by Lesley Scott
Thanksgiving is a holiday providing kind gifts for those who are in need.
|The First Thanksgiving
When the setters reached the colonies, the small community began gathering leaves and logs for make shift shelters. Thomas was sketching the pilgrims rummaging around for shelter while a group of hunters were stalking deer and other mammals. Every one’s stomach was grumbling. At least the group kept a bit of jerky and bread, plus tasty goat’s milk. So far the setters felt encouraged and after a feast of rabbit, every one felt better. It was dark and time to go to bed.
Each of the group had a lantern and so they found their own tent. The entire group placed an item they could recognize in front their huts. Soon, the entire tired bunch of settlers' were all snoring away. It was a peaceful sound to Thomas, still keeping watch. He was also weary and wished someone could relieve him from his post.
Thomas started to dig his foot into the soil. He noticed the ground was perfect for a garden. He would have to make some tools, with help, of course. Soon, Patrick, a friend, strolled over to give Thomas some rest. Later, he dozed off for a while, but no one was awake to notice.
In the early morning, Patrick was wide awake. He gasped at the sight of more people. They rode astride loudly colored spotted horses and the red men carried lances, fathered head great plumed in eagle feathers. The just stared at the new people and began to talk in their own language. “I hope they are just being friendly,” Thomas commented.
The new folk turned and left. No one could hear them as they rode off into the brush. After maybe thirty minutes, the band of the new people returned. They brought with them some blankets made out of soft and warm wolf hide and a couple of fresh deer. The pilgrims' smiled and showed the visitors their appreciation. Thomas even had a chance to draw a picture of the Chief. He was pleased with the white man’s talent and like the grateful colonists.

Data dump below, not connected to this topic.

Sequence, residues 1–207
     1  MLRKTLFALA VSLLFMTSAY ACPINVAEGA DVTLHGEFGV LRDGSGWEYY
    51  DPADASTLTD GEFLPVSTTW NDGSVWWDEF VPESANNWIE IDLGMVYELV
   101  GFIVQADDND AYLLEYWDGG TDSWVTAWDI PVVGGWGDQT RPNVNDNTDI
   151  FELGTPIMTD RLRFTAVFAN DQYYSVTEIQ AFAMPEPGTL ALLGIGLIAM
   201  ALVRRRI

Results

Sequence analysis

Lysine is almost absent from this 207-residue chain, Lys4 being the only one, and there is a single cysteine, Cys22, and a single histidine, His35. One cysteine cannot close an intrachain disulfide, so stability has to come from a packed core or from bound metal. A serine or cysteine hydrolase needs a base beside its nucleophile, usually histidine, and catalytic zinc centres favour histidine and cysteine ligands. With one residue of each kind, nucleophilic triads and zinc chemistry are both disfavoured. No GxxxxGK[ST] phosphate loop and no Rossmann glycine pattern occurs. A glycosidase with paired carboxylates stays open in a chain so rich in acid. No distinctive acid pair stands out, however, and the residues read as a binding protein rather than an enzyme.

As the winter blew through the camp, everyone was pleased for the red man’s gifts. Just after sunrise, the welcomed visitors returned. Their gift was a string of large bass from the river. The settlers would have been surprised if they knew they could easily been speared and snatched up with their hands.These Native Americans were friendly and helpful.
Every body huddled around the fire they hadn’t let die out. The cooked fish smelled like getting crisp on scarped spear. Haven’t learned how to speak their language, the sellers made the sign for “Good” and rubbed their bellies. The strange visitors laughed and rubbed their tummies, as well. The pilgrims were pleased that these red people were, friendly and helpful
As the winds whipped through the camp, even with the fire burning hot, the settlers were shaking and bundled up together. For a couple of days, the settlers felt they would certainly die OD hunger and/or starvation. They were totally afraid and prayed hard to get them through this bitterly cold winter.
As he looked up, the visitors were back. They carried more blankets two gutted and cleaned deer and vegetables of some sort in a bag. They set up a long table made out of a long log. The red men showed them what they said was “maize.” Which is now known as corn. They also had some squash and said a prayer before they all tried not to gobble their food. “This was the best meal I have eaten in weeks,” said Joshua.
Thomas sketched a wonderful picture and offered it to the Chief. He was pleased that someone with Thomas’ talent would offer him this picture. He recieved the picture with honor and in return, he gave Thomas the biggest, blackest bear hide anywhere around. It was special magic to the tribe. Since the Native Americans don't believe anyone really owns anything, so he didn't mind making the snug bear a gift for someone he admired.
The settlers were so happy about the gifts; it was all they could do not to run back over to the tempting food. The visitors thanked him and the rest of the gang. Both groups of men helped prepare the food and especially liked the corn and squash. They all gathered to the table and said grace. The Chief said his grace and they all sat down and ate together.
This was the first Thanks Giving.